Campaign Causes Surge In Ohio Quit Line Calls

By
Rebecca McKinsey

Dateline
Updated Mon, Apr 9, 2012 2:47 pm

A graphic government campaign that offers "tips from former smokers" has caused a surge in calls to tobacco quit lines nationwide, even in states such as Ohio, where funding for cessation services has been cut in recent years.

The Centers for Disease Control and Prevention launched the $54 million television, radio, print and billboard ad campaign on March 19.
 
The ads include former smokers getting dressed and offering tips, including allowing extra time to put on prosthetics and a wig, and to make sure you don't catch your clothes on your tracheotomy hole.
 
From March 26 to April 1, 34,413 calls were made to 1-800-QUIT-NOW, operated by the North American Quitline Consortium. The week before the ad campaign began, 14,437 calls were made.
 
"It's well-documented in research that emotionally powerful, hard-hitting media messages … motivate smokers to quit and discourage nonsmokers from starting," said Darryl Konter, a spokesman in the CDC Office on Smoking and Health.
 
The ad campaign follows a failed attempt by the U.S. Food and Drug Administration to require companies to print large, graphic images on tobacco-product packaging.
 
About 443,000 Americans die each year because of smoking-related illnesses, the CDC says.
 
Reduced funding has limited smoking-cessation services in Ohio and other states.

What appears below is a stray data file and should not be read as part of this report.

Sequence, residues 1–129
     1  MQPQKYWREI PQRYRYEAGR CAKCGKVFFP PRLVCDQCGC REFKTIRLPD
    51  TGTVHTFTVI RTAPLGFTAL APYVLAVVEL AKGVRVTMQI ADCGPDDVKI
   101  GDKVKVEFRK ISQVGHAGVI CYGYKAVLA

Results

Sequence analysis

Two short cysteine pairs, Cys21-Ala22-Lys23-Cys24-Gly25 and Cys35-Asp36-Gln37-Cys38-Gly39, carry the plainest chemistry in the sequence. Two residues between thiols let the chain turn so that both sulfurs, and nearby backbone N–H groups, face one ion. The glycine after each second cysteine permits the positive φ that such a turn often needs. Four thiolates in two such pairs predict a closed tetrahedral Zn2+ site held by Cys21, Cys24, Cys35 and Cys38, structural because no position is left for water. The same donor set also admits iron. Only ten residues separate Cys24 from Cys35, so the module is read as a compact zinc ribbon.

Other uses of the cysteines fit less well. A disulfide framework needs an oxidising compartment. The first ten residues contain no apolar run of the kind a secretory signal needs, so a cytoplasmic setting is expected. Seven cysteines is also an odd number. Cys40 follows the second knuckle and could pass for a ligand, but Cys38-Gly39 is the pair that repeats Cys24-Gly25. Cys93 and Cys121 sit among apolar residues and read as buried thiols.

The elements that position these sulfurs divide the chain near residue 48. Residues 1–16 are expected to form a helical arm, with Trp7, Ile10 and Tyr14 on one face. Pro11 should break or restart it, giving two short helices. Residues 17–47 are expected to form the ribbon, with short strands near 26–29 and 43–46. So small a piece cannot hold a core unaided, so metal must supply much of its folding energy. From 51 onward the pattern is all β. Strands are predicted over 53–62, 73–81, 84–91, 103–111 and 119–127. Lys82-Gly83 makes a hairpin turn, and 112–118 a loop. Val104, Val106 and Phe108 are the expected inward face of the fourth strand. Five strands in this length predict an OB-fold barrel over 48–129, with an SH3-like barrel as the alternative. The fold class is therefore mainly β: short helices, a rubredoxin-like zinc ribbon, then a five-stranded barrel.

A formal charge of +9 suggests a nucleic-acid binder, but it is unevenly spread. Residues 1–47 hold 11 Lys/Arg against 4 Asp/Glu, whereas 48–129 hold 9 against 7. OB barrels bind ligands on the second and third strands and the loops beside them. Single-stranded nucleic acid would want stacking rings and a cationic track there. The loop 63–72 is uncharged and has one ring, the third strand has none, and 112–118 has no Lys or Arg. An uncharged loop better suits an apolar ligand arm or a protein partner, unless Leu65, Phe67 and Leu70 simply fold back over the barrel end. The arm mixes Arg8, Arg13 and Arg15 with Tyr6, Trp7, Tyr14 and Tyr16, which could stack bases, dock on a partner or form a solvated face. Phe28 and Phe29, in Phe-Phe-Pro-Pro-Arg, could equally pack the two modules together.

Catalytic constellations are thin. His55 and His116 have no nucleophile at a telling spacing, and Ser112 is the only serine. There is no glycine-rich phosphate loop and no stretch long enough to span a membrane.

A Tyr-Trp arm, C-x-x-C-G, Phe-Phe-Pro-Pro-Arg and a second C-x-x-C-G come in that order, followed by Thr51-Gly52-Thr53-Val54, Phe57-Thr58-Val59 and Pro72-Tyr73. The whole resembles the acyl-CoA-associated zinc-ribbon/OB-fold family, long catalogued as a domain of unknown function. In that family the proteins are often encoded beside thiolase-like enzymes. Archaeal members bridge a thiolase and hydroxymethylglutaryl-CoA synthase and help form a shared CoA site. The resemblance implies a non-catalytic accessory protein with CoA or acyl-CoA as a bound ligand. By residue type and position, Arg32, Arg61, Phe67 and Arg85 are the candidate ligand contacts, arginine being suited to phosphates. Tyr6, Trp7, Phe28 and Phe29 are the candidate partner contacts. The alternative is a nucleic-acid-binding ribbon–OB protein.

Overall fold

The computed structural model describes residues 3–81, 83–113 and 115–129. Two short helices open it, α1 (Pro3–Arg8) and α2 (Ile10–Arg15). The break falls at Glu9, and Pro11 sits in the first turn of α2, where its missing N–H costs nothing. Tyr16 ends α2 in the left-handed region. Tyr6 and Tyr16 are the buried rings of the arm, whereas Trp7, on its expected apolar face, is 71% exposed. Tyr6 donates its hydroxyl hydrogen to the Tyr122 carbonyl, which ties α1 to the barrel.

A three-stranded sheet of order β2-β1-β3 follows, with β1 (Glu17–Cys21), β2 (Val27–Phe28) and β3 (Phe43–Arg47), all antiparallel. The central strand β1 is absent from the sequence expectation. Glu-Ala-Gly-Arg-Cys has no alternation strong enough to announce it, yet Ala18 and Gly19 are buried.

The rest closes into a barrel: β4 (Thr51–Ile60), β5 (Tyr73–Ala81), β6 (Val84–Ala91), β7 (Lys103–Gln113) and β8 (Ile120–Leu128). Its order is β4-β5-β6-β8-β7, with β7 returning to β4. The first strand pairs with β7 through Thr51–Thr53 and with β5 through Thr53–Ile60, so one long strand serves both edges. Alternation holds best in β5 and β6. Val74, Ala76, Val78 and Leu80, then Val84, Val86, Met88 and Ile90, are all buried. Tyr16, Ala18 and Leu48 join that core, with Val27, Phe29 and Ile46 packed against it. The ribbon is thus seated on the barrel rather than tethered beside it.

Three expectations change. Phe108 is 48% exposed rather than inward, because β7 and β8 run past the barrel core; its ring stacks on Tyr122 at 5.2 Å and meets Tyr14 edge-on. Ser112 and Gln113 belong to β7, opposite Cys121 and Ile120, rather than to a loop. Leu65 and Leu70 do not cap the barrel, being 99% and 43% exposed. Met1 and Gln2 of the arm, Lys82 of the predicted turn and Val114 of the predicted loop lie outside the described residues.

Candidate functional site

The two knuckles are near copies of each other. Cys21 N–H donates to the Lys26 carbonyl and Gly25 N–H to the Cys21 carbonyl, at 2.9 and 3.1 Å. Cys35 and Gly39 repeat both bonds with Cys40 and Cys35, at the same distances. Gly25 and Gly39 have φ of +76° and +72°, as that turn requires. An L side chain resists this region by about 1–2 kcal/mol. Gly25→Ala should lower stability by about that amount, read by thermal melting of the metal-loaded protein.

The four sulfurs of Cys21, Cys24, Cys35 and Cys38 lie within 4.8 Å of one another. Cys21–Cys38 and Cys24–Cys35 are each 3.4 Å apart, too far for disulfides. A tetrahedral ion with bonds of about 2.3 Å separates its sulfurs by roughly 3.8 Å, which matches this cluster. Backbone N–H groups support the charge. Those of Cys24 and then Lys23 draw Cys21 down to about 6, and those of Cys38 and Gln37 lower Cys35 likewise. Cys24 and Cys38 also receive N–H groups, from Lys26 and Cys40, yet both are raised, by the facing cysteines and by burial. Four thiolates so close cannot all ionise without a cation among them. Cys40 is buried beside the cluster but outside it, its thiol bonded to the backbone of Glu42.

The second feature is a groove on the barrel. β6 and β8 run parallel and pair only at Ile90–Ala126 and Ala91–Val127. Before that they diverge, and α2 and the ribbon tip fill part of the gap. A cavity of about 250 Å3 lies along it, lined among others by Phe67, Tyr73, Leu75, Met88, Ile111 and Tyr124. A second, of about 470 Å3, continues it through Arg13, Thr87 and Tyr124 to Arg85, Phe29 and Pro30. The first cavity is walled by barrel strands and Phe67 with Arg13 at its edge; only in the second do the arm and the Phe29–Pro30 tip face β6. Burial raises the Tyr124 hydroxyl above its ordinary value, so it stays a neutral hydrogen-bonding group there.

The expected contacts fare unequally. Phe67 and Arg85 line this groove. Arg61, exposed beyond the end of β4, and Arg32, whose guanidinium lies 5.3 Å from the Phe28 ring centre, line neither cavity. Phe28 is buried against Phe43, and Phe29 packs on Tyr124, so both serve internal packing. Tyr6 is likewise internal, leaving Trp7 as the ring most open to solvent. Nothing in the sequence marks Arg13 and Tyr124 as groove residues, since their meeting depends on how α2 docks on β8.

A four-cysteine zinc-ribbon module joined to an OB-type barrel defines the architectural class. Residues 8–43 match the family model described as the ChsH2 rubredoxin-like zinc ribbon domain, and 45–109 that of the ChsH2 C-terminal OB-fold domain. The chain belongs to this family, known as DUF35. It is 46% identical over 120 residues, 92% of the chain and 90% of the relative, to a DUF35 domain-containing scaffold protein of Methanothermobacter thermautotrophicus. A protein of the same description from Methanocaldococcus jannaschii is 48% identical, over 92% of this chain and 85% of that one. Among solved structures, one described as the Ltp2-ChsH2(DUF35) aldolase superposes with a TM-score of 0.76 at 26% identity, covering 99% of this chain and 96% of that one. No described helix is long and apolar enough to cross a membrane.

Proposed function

Ohioans who call 1-800-QUIT-NOW are redirected to the Ohio Quit Line.
 
Since July 2011, Ohio's line has served only uninsured people, pregnant women, Medicaid beneficiaries and companies and insurers that have bought into the Ohio Tobacco Collaborative.
 
Ohio's quit line used to be funded by a 1998 national settlement with cigarette makers. Two years ago, the Ohio Supreme Court ruled that the state could use that money for other purposes, cutting off the quit line's funding.
 
Now, the line is funded through CDC grants, and there is no way to predict how long they will last, said Mari-jean Siehl, chief of Ohio's Tobacco Use Prevention and Cessation Program.
 
Still, Ohio's quit line has been busy in recent weeks. The day the CDC campaign was launched, there were 136 calls to the Ohio Quit Line.
 
In the week before the ads, the line received an average of 34 calls a day.
 
Siehl said her program will run out of money before the end of the year.
 
She said the CDC told her group that a new funding opportunity will be announced in the coming month.
 
"We're hopeful the (funding opportunity) would help us continue to serve the most vulnerable populations," Siehl said.
 
In May, the Ohio Quit Line will cover only Medicaid fee-for-services clients rather than members of Medicaid managed-care plans, she said.
 
The CDC's 12-week anti-smoking campaign has to compete with the $27 million the tobacco industry spends every day on marketing and promotion, Konter said.
 
"Based on the research we've done, we are confident this campaign will prompt 500,000 people to … call (quit lines) and 50,000 to quit," he said.
 
Rebecca McKinsey is a fellow in Ohio University's E.W. Scripps School of Journalism Statehouse News Bureau.
Tags: